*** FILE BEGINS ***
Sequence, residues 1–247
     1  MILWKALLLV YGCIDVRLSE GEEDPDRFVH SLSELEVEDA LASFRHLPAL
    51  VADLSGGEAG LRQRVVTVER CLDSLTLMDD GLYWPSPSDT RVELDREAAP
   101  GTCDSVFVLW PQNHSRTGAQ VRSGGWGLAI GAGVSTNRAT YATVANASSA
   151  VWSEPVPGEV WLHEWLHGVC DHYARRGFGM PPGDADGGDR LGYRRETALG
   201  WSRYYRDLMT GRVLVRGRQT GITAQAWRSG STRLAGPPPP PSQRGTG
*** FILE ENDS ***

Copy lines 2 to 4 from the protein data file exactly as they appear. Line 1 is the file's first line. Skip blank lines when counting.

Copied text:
     1  MILWKALLLV YGCIDVRLSE GEEDPDRFVH SLSELEVEDA LASFRHLPAL
    51  VADLSGGEAG LRQRVVTVER CLDSLTLMDD GLYWPSPSDT RVELDREAAP
   101  GTCDSVFVLW PQNHSRTGAQ VRSGGWGLAI GAGVSTNRAT YATVANASSA